Register now!

Blog Post Categories 
Webinars Risk Management

The Balancing Point between Project Cost and Schedule

In all production environments, there exists a tension between competing outcomes.  Four variables come to mind:

  • Cost/Effort
  • Schedule
  • Quality
  • Productivity

These do not exist independently of one another.  Emphasizing any one impacts the others.  For example, to compress a project’s schedule, additional staff is typically added which increases the cost.  Larger team size also increases communication complexity within a project which leads to more defects (lower quality).  The development of software  presents a unique issue that may not be present or is at least more muted in manufacturing:  non-linearity.  Key examples of this are the relationships between cost/effort and schedule and the one between schedule and quality. 

Let’s look at some examples.  In the charts below, regression trend lines for schedule and effort vs. size were developed from the QSM software project database.  The darker center lines represent average schedule and effort outcomes as delivered product size grows.  The lighter lines are plus and minus 1 standard deviation.  Roughly 2/3 of the projects in the database fall between the standard deviation lines.  Note the scale on the axes, which is log-log.  This is because the relationship between the amount of software developed and schedule duration or effort is non-linear. 

Software Project Solution
6.5 Month Solution

Software Project Solution
5.85 Month Solution

Blog Post Categories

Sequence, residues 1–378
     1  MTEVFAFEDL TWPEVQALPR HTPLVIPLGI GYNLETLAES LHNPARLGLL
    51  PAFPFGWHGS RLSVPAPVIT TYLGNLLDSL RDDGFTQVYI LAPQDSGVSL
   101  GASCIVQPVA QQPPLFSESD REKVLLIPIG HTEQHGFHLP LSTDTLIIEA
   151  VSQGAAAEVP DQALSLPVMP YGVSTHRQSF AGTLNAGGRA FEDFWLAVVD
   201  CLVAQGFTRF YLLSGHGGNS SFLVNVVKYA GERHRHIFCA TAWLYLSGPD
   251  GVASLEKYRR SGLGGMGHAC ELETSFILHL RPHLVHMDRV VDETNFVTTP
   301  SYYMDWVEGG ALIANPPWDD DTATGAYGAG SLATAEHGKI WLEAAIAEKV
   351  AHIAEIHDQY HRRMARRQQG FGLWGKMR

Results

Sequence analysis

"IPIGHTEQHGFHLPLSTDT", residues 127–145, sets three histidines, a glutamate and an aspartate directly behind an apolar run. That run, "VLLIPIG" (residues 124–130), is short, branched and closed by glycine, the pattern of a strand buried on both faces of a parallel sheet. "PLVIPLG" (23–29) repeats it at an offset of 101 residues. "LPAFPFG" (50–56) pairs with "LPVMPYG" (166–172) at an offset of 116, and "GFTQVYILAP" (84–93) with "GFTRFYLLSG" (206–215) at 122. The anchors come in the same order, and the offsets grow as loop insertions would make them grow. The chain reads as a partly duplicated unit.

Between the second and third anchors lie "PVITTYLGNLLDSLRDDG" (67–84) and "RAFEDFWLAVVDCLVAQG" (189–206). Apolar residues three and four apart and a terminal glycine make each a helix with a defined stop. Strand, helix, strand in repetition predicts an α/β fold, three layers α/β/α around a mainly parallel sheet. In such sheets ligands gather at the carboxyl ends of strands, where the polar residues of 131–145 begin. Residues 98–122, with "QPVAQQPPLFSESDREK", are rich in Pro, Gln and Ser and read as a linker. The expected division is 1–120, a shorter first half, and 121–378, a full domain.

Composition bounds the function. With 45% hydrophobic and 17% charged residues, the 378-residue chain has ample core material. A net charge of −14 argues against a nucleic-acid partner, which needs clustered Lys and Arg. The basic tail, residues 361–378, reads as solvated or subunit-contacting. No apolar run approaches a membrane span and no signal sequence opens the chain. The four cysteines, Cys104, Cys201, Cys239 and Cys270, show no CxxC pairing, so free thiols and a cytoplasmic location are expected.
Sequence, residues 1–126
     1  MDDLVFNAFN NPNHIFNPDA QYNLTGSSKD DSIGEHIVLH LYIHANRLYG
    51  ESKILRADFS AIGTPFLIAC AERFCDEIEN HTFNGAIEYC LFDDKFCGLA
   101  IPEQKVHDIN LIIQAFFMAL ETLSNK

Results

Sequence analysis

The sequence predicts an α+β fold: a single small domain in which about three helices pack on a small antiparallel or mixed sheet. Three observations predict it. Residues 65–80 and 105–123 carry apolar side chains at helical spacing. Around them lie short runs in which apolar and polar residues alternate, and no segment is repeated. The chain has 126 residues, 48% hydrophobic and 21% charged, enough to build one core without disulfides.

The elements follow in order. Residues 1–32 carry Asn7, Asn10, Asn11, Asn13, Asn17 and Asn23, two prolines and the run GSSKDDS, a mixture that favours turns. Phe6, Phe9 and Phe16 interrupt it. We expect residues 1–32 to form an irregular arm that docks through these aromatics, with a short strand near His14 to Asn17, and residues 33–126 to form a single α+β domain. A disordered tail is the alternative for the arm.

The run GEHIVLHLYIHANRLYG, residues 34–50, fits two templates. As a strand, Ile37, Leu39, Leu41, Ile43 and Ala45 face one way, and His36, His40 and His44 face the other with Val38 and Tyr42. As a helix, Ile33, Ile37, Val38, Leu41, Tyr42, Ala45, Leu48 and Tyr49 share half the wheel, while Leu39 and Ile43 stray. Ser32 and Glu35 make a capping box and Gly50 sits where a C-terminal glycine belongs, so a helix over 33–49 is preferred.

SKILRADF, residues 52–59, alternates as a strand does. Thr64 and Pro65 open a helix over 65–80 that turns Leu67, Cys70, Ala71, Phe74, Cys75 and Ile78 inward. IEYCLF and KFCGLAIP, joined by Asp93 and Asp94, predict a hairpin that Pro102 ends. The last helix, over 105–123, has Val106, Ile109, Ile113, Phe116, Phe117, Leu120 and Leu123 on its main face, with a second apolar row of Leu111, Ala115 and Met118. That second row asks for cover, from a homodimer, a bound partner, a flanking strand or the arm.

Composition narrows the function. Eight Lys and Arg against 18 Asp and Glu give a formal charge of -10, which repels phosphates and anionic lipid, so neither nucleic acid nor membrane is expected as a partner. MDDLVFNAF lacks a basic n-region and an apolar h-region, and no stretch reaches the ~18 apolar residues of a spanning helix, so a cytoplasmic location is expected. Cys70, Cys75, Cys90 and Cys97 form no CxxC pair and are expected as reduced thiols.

Estimation Schedule Effort

Can Estimation & Analytics Improve Vendor Client Relations?

It happens time and time again. Clients look to their vendors to provide software development or configuration services and both sides are often left with big questions. Is the price fair? Can we really get the project done within our duration and resource goals? How can we negotiate for a successful outcome?

There are estimation solutions available that can help. The good ones will leverage empirically-based models, historical data, and industry analytics to uncover which proposals are feasible and which ones are risky.

In the first view below, there are two columns: the “Desired Outcome,” which is one vendor’s proposal and the second column, which is the data-driven “Recommended Estimate.”  The vendor is promising to complete the work in 3 months with a $750,000 price tag. You can see that this proposal is “Risky” and that the vendor will probably finish late and will either have to ask for more money or lose money in the long run.  The charts in the view provide a graphical representation.

Vendor Bid

In the second view for the same project, you see a second vendor’s proposal compared to the “Recommended Estimate.” The vendor’s bid is for 8 months with a $1,000,000 price tag and there is a “Moderately Conservative” rating. In other words, this vendor has a much better chance of achieving what they are promising. 

Vendor Bid

Blog Post Categories 
Vendor Management Estimation